Gospel: Mk 8:11-13
The Pharisees came and started to argue with Jesus. Hoping to embarrass him, they asked for some heavenly sign. Then his spirit was moved. He gave a deep sigh and said, “Why do the people of this present time ask for a sign? Truly, I say to you, no sign shall be given to this people.“ Then he left them, got into the boat again, and went to the other side of the lake.
“The Justice of God“
The story of Cain and Abel reveal to us the great mystery of God’s justice. When Cain kills his brother Abel, God confronts Cain with his sin. The gravity of the sin of Cain has cosmic repercussions. Even the earth rebels against the deed! Sin, all sin, cry for Divine retribution! No one can hide sin from the all-knowing God!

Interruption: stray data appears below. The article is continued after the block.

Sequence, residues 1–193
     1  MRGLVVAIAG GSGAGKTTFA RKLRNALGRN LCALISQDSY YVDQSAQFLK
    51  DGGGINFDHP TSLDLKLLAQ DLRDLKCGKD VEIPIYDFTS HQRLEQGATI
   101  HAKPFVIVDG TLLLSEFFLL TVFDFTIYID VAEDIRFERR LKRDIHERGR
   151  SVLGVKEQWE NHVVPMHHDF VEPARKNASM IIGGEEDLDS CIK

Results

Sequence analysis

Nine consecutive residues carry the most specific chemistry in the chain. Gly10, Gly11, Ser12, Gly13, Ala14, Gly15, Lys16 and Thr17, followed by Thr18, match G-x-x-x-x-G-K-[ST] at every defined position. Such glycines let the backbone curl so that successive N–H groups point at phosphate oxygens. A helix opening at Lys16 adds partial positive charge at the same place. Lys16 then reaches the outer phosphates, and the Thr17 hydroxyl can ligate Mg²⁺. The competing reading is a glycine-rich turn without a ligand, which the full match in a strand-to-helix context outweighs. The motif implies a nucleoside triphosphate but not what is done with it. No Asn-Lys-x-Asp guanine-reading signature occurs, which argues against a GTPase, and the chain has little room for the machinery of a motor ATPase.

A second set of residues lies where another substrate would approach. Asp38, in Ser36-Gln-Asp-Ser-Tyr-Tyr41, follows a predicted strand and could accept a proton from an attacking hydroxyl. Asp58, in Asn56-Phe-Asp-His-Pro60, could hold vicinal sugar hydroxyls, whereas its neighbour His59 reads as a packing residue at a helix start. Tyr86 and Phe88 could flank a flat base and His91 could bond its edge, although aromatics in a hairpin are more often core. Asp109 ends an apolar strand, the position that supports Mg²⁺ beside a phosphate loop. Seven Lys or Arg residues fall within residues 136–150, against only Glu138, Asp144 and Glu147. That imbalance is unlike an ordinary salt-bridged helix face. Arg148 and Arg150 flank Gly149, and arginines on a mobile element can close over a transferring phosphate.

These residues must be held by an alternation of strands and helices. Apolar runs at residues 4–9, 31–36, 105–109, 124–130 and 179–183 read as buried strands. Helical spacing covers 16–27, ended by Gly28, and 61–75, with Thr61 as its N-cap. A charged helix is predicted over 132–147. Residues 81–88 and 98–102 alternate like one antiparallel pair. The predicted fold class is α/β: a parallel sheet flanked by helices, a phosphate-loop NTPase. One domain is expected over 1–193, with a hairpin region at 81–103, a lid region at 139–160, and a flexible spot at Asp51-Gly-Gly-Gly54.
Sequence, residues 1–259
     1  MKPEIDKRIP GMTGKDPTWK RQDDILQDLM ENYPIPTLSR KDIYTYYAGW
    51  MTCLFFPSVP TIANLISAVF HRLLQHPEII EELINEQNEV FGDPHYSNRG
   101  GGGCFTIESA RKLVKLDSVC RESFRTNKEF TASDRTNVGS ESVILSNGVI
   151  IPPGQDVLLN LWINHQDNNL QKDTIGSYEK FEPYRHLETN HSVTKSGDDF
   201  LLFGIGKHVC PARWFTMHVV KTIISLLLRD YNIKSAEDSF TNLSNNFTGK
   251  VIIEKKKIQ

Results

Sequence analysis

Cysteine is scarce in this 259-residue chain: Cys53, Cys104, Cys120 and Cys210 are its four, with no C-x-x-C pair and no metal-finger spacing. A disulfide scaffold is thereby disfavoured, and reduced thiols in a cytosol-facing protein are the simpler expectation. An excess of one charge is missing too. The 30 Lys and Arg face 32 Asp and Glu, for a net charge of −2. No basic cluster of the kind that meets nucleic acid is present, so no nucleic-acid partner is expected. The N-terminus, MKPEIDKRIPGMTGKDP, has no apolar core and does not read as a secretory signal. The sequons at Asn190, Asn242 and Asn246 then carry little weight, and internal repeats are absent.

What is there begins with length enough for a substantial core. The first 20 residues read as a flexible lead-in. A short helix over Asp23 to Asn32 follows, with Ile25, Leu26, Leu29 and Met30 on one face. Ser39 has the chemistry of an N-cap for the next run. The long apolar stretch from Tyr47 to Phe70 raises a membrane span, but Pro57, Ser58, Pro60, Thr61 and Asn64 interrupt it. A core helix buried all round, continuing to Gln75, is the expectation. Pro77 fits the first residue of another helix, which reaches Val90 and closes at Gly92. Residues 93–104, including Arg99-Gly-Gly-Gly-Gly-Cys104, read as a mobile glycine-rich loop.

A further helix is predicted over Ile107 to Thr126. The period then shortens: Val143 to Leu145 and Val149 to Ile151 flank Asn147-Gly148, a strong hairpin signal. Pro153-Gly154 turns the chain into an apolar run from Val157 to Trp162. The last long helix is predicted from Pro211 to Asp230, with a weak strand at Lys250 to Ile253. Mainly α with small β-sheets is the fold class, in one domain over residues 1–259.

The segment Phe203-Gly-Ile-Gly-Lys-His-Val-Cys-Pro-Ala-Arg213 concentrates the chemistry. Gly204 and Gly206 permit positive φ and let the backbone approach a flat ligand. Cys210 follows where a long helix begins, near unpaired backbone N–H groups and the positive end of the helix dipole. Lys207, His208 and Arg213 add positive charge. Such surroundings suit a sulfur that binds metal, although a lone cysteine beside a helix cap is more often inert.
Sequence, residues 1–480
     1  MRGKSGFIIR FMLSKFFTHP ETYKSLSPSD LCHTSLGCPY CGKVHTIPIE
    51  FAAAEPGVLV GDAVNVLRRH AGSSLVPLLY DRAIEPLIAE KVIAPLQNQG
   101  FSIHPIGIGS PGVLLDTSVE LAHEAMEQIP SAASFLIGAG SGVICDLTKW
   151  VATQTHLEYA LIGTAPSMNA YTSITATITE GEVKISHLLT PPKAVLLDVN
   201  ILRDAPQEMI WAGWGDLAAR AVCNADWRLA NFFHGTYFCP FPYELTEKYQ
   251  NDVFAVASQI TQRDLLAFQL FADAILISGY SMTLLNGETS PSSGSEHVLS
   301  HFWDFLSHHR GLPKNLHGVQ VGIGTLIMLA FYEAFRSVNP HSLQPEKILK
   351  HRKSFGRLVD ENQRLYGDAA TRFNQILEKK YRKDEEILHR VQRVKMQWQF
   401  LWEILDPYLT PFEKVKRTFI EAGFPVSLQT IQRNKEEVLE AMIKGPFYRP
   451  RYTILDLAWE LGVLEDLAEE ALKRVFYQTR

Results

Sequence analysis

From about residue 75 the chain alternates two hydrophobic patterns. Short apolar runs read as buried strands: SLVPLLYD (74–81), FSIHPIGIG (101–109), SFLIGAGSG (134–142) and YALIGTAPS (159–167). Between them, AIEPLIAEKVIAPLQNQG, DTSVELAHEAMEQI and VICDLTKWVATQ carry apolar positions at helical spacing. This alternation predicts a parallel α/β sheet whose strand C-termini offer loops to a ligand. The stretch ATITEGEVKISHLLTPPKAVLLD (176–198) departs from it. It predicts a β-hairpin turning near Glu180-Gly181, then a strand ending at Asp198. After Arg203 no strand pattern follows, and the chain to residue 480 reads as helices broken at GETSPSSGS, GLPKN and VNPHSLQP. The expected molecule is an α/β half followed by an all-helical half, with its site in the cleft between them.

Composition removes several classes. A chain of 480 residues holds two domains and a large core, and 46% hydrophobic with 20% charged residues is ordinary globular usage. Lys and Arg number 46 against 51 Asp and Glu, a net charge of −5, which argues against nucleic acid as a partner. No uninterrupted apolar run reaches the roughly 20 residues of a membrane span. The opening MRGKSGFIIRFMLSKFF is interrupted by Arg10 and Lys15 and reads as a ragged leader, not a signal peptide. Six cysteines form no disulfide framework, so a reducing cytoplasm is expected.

As Yahweh pronounces the punishment due to Cain–a fugitive–Cain cries out for mercy. He begs that his miserable life may not be taken by others. God, the most just, is also the most merciful and so decreed that He would avenge Cain should he be killed! Divine justice condemns sin; Divine justice punishes the sinner; Divine justice prohibits human vengeance. “Vengeance is mine, I will repay“ says the Lord! (Rom 12:19)
This revelation of the “justice of God“ should be our guide also in our administration of justice. In particular we can see in this biblical narrative God’s original penal code: No to “capital punishment.“ It often happens that cries for justice easily turn out to be cries for vengeance. How easily an angry man can arrogate to himself the Divine prerogative and thus commit the same crime he condemns!